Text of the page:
Preliminary experimentation with this formulation revealed that a large portion of the computation time was expended in calculating the area cost, C.sub.a. To reduce this computational burden, an alternative component was developed which generates a similar effect with far fewer computations. In a parametric surface model, if one parameter is held constant while the other parameter is varied through its range, a curve is generated which lies in the surface. A cost function component C.sub.1 which penalizes the length of these constant parameter curves is thus defined as, ##EQU6##

Note that at each sample point, C.sub.a requires evaluation of both surface parametric derivatives and calculation of their cross products, while C.sub.1 is a function only of surface point evaluations. In addition, since surface point evaluations are necessary for C.sub.0, they need not be re-calculated for C.sub.1. The SA algorithm typically requires many cost function evaluations. Thus any improvement in the efficiency of the cost function should have a dramatic effect on the overall computation time.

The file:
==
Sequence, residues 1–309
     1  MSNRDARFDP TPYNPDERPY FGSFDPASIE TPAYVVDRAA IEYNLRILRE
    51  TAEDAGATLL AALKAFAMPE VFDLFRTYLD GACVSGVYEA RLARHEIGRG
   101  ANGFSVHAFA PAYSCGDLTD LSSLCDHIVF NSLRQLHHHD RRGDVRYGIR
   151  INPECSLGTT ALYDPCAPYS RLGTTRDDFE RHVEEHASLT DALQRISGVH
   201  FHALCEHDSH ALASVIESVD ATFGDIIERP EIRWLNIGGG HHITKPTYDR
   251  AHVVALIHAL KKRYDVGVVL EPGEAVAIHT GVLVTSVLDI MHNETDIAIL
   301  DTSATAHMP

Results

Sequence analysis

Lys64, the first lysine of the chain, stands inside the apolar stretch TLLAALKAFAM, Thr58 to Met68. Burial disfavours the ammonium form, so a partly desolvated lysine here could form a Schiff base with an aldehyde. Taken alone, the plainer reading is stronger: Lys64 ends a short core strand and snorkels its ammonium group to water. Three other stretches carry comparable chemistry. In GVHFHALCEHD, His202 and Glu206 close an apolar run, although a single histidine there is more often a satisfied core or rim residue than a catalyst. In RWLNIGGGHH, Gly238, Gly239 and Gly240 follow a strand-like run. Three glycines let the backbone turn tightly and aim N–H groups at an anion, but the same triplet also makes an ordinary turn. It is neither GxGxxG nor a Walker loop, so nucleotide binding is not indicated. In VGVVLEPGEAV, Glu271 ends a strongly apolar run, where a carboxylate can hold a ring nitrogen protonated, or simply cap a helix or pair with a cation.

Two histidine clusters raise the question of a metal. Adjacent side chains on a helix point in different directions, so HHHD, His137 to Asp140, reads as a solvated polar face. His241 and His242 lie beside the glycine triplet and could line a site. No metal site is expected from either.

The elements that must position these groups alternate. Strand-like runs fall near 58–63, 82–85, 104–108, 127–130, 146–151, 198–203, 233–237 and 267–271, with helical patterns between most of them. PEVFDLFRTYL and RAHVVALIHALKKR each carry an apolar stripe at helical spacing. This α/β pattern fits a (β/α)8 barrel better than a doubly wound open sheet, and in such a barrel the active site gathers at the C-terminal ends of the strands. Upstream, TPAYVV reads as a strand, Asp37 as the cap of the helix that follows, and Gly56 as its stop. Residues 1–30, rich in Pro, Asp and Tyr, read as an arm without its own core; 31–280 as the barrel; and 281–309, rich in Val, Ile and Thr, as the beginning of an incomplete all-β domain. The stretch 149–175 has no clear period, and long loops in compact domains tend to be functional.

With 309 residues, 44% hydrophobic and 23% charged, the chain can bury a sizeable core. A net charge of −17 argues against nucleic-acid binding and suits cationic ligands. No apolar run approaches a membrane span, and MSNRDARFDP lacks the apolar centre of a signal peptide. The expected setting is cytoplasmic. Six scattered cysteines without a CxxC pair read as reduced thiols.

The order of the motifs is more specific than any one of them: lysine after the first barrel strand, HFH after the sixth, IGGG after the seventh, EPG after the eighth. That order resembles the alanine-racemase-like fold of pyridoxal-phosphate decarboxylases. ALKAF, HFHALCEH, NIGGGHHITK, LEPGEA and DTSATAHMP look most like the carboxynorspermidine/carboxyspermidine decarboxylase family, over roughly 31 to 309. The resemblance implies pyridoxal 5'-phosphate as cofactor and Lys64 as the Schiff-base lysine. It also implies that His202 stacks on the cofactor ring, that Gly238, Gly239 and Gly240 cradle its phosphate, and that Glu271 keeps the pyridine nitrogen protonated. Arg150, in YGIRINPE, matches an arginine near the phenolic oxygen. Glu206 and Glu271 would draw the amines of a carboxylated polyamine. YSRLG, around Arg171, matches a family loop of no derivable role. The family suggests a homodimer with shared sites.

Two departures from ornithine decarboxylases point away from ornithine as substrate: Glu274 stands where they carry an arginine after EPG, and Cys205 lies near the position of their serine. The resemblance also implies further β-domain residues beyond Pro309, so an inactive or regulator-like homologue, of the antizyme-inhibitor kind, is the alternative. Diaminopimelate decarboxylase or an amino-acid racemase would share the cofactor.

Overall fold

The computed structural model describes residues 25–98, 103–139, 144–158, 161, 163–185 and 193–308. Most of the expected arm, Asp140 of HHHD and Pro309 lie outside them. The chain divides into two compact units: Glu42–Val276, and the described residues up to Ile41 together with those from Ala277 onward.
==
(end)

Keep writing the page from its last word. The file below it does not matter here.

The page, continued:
For general synthesis problems involving multiple obstacles and a large number of control points (and thus many degrees of freedom) the arc-length cost component was insufficient to inhibit undesirable divergence of the SA solution. The cost function formulation described above proved to be adequate for simple surface synthesis problems. However, when more general problems were attempted with this cost function, the SA failed to converge to a reasonable solution. For example, FIG. 2A depicts a design environment with three obstacles and a single uniform, non-rational B-spline surface defined by a 7.times.7 grid of control points in an initially planar configuration. In this experiment the edge control points were specified as fixed, and the twenty-five interior points were allowed to vary.

Using the initial cost function formulation, many experiments were conducted with a variety of combinations of different values for cost component constants, neighborhood magnitude (i.e., maximum perturbation size), and SA algorithm parameters. In spite of these attempts, all of these experiments resulted in divergent solutions similar to the one shown in FIG. 2B.